- Signed by 33 pastors across the State of Tennessee.
As pastors of Tennessee, we implore Senators Marsha Blackburn and Bill Hagerty to vote for the passage of the Build Back Better Act, as it reflects many of our core Christian values.
The policies set out in the Build Back Better plan declare that each of us is created in God’s image and of immeasurable worth, and gives all of us the freedom to prosper.
One of the main elements of this program is an investment in universal preschool and community college.
As religious leaders, we believe that no matter where they live or what color their skin is, all children deserve a high quality education that allows them the freedom to build a strong future.
We know that Jesus puts children first and cherishes them, as he said, “Suffer little children to come to me and do not prevent them, for the kingdom of heaven belongs to them. “
But sadly, the United States, and especially Tennessee, lags behind other countries in funding and providing quality education.
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Investing in Children and Their Parents
If we want American children to thrive, we owe it to them to provide them with the best education possible.
Investing in community colleges and universal preschools is not only an investment in our children and the future of our country, but the data shows that for every dollar we spend on early childhood education as a society, we’ll see $ 7.30 in benefits, including a greater chance that students will graduate from high school and college, earn higher salaries, have better health, and are less likely to get involved in crime.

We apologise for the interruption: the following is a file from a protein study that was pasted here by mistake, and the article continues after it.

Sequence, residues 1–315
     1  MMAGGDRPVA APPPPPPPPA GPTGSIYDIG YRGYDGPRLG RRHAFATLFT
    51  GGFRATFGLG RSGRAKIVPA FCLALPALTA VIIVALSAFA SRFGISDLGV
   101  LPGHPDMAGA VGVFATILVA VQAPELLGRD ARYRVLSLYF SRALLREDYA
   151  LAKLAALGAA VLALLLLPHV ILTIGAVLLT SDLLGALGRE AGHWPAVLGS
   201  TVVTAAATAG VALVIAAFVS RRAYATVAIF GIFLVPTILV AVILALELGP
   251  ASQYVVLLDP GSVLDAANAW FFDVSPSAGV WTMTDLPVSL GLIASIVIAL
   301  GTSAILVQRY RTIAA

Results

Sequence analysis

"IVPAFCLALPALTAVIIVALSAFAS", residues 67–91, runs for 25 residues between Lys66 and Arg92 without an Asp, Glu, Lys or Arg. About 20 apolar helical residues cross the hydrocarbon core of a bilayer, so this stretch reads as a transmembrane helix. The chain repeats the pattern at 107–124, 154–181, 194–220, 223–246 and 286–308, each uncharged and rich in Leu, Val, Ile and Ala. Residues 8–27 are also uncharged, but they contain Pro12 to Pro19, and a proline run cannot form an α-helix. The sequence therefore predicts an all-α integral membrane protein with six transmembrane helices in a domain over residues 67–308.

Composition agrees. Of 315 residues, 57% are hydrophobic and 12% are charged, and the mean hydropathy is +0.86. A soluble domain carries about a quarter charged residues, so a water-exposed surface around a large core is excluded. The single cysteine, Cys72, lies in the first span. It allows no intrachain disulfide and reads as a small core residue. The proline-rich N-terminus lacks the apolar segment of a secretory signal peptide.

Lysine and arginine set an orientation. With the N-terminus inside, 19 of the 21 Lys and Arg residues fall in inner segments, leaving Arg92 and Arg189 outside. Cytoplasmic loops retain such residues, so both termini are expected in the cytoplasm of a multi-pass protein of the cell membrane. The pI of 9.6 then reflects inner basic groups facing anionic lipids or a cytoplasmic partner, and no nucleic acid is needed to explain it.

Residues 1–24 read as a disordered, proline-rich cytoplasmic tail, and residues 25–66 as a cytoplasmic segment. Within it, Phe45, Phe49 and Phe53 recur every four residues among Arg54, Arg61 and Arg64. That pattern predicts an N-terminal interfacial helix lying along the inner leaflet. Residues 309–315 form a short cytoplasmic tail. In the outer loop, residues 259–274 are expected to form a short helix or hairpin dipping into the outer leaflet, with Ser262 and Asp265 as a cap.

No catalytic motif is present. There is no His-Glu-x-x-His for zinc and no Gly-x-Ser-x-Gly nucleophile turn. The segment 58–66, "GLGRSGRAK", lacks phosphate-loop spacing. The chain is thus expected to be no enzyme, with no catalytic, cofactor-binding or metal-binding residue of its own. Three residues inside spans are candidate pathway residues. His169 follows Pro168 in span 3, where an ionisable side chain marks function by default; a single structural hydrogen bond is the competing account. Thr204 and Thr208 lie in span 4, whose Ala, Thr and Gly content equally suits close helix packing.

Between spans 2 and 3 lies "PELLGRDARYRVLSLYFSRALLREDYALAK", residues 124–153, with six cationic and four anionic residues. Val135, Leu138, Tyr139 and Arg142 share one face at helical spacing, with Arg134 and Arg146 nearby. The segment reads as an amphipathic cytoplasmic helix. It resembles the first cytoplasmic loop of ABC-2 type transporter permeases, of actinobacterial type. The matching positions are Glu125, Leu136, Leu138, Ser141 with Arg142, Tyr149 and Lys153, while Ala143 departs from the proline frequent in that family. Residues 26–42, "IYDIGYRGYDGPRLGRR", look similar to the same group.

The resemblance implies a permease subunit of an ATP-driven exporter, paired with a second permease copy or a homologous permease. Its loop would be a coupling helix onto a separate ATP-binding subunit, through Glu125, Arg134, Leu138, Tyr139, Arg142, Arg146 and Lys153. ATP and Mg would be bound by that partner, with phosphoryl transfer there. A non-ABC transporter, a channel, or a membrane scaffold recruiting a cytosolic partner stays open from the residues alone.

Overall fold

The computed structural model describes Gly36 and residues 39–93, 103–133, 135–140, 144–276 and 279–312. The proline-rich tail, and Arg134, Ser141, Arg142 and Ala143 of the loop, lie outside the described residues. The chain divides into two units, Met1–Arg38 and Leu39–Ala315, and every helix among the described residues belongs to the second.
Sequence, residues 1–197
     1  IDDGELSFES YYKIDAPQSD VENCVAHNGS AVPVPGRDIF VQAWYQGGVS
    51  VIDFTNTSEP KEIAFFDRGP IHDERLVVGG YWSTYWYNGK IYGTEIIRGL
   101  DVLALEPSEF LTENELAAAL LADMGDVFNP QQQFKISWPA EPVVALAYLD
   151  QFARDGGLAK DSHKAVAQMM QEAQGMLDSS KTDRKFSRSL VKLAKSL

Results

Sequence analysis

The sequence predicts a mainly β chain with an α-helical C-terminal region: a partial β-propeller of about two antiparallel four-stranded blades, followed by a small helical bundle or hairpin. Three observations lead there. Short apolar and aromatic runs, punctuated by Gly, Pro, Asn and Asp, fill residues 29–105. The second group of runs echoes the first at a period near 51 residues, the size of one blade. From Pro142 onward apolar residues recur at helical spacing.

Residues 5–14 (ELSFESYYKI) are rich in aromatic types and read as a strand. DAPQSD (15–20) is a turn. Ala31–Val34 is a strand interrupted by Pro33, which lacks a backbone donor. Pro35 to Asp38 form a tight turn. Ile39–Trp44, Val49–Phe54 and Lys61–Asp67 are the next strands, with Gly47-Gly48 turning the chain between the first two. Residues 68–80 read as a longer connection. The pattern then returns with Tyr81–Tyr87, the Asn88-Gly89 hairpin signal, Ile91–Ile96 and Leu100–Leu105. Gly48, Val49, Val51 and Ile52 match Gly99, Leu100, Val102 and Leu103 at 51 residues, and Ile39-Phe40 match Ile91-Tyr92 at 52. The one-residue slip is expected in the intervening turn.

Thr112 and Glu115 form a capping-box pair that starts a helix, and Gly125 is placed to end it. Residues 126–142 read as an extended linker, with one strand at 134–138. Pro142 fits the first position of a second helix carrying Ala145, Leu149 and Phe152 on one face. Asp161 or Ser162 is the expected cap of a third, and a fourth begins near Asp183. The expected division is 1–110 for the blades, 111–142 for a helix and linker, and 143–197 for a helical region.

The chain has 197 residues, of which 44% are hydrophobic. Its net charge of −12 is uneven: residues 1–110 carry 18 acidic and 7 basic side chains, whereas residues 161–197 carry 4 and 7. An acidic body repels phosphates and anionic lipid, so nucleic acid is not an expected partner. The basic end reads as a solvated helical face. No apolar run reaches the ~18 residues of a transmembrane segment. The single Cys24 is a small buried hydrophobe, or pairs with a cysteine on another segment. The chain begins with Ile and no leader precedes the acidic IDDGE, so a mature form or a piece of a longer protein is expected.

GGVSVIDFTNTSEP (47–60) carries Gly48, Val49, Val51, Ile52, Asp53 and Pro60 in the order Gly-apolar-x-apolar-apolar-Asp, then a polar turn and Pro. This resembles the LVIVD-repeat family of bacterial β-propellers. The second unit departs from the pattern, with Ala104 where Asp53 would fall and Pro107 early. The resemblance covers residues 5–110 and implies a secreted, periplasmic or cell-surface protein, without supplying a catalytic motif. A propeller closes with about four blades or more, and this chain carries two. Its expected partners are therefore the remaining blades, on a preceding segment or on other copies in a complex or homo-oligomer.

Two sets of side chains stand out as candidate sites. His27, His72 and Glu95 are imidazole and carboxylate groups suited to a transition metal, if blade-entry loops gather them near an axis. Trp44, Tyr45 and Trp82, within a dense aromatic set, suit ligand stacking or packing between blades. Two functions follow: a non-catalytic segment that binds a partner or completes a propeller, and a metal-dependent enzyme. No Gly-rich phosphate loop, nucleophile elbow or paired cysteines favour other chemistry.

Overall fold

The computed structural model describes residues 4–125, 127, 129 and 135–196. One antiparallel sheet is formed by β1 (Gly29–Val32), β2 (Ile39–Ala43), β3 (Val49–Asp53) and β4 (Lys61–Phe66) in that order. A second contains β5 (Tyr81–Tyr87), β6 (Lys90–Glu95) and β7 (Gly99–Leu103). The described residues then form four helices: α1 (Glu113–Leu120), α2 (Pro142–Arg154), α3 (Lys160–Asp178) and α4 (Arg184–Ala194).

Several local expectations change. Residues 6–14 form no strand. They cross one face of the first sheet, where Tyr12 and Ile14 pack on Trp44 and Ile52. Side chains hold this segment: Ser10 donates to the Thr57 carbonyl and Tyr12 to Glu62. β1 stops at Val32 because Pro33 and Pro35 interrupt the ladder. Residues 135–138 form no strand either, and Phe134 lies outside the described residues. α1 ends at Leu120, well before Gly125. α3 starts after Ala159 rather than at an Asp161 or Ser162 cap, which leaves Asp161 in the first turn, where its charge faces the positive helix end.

In order to build strong families, we cannot simply invest in the education of our children; we must also invest in the well-being of their parents and families.
The Build Back Better plan extends the current and expanded child tax credit that nearly halves child poverty across the country, and offers family and medical leave to give all workers the freedom to take the job. time to bond with a new child, to care for a sick loved one, to shelter from assault or violence, to recover from an illness or to take the time to mourn the death of loved one.
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American policies push people into poverty
Currently, the United States is one of the few countries that does not have paid family leave as part of a national policy.
One in four employed women return to work within two weeks of giving birth, and 95% of women in low-income jobs do not have paid maternity leave as part of their work.
These data are an accusation of our lack of family values. If women cannot spend the time necessary to bond with and care for their babies, but have to return to work too early to pay the bills, we are not preparing our families to thrive and we are plunging women and children into the mix. children in poverty across the country. Currently, only 19% of Americans have paid family leave through their employers, but over 71% of voters support paid medical / family leave.